The one virus movie getting the most play — on streaming services and in the media — is Steven Soderbergh’s “Contagion” (2011), and that’s understandable, given it’s one of the best movies of its kind and the storyline has eerily prescient parallels to the real-world pandemic.
Of course, “Contagion” is just one of hundreds of films about viruses and pandemics. Over the last many days, I’ve watched dozens of these films. In alphabetical order, these are some of the most impactful, culturally relevant and/or popular. (Spoilers ahead.)
‘12 Monkeys’ (1995)
Terry Gilliam’s remake of the 1962 French short “La Jetee” stars Bruce Willis as Cole, who in the year 2035 is sent back in time to the 1990s to find the source of a virus that has wiped out most of the world’s population. (The title comes from the “Army of the 12 Monkeys,” a radical group suspected of having released the virus.)
“12 Monkeys” is a typically trippy Gilliam film, but at heart it’s a medical sci-fi mystery with warnings about humankind’s ongoing destruction of the environment.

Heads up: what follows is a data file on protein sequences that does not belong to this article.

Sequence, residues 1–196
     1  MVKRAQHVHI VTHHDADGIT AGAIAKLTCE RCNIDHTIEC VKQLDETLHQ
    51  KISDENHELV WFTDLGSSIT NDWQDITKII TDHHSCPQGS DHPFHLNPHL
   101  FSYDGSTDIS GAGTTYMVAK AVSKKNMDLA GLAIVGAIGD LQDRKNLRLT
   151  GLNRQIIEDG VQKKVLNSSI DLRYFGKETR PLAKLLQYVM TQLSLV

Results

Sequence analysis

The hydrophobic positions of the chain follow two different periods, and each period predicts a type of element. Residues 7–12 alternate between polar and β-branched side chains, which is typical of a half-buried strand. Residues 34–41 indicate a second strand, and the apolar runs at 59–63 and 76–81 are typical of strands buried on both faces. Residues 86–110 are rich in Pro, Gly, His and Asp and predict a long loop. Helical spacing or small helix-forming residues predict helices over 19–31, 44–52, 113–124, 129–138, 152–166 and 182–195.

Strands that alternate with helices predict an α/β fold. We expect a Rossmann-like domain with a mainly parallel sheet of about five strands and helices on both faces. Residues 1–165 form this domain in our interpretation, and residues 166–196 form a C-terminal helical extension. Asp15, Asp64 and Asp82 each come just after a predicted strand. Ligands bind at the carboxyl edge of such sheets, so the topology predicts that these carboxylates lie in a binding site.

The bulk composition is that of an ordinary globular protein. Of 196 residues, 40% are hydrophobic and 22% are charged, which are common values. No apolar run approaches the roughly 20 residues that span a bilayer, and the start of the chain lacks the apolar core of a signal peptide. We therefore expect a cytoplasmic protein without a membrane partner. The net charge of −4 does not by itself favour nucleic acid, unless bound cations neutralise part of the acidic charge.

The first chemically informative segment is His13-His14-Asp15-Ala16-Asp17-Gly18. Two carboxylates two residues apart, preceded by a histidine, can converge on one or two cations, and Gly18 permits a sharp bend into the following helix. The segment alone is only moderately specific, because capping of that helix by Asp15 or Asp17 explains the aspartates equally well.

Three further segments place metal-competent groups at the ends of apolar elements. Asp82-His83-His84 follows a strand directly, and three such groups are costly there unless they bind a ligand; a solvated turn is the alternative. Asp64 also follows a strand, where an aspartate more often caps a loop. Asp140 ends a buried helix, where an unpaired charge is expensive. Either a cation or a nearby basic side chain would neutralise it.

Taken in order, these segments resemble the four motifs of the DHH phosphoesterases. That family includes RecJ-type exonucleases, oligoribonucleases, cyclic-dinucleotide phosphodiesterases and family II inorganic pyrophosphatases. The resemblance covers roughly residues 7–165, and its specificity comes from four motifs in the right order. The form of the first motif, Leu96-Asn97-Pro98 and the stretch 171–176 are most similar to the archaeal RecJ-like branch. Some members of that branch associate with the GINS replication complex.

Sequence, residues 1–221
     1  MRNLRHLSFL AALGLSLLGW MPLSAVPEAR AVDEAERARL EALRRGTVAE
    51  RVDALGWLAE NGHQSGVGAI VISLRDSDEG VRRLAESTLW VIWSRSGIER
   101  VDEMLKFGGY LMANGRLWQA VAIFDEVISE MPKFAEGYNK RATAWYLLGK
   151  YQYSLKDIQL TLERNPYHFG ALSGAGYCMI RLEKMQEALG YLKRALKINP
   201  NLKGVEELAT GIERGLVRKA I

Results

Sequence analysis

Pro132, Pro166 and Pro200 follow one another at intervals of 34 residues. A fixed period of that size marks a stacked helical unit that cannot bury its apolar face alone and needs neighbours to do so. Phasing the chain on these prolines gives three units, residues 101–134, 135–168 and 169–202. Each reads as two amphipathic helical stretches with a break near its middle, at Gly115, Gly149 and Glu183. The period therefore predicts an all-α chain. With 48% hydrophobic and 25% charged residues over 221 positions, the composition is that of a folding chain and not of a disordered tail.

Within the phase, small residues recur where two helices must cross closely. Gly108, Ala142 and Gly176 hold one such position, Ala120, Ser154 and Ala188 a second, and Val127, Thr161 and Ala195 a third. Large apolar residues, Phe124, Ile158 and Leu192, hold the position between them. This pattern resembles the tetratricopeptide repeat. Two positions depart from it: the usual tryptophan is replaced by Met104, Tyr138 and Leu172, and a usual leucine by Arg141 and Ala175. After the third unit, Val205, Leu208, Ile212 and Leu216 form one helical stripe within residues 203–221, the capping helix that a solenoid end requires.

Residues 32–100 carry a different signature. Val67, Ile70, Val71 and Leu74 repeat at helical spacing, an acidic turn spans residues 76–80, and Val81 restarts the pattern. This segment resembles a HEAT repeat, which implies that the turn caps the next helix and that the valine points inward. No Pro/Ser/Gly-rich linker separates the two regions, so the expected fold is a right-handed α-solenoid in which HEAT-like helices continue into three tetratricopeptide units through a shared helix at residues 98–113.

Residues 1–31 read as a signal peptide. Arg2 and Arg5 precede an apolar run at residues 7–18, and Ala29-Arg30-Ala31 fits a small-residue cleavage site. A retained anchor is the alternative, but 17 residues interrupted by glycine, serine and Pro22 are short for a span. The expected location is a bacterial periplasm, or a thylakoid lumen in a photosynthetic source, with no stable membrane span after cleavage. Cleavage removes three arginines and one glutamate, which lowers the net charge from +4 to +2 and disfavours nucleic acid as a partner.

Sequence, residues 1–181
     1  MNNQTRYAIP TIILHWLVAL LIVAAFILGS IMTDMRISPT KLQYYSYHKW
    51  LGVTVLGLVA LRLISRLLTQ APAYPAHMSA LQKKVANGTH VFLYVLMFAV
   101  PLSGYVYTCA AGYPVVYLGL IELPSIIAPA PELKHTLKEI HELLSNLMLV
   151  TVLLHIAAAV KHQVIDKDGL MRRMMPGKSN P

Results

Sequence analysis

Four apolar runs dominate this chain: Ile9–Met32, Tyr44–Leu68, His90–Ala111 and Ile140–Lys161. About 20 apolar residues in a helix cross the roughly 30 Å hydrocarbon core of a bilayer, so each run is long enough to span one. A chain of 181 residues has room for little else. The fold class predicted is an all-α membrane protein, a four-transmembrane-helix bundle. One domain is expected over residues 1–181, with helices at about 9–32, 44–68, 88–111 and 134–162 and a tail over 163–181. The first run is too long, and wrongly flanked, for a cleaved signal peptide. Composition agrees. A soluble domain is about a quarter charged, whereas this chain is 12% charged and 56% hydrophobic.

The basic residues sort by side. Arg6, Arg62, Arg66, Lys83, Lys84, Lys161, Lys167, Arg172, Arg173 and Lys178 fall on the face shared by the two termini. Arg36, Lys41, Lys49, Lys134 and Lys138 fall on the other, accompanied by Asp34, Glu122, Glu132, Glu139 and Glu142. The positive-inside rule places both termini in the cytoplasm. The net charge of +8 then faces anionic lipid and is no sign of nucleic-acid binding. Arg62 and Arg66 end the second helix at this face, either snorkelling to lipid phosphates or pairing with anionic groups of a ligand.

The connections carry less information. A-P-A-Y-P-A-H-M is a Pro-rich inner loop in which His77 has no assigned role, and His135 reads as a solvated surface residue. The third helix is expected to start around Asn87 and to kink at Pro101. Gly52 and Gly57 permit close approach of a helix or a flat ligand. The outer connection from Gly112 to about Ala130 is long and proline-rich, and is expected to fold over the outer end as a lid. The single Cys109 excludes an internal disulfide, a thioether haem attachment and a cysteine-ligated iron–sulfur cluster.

‘28 Days Later’ (2002)
Danny Boyle’s electric, post-apocalyptic British horror film re-introduced the concept of zombie-type creatures that move quickly as opposed to the usual lumbering walk — but it begins with newsreel-style footage of fires, rioting, mass panic in the streets, all of which came about as the result of a pandemic.
It all starts when a group of activists at the Cambridge Primate Research Centre frees apes that are being used for experiments.
A staffer tries to stop them, crying out: “The chimps are infected!”
Infected with what?
‘And the Band Played On” (1993)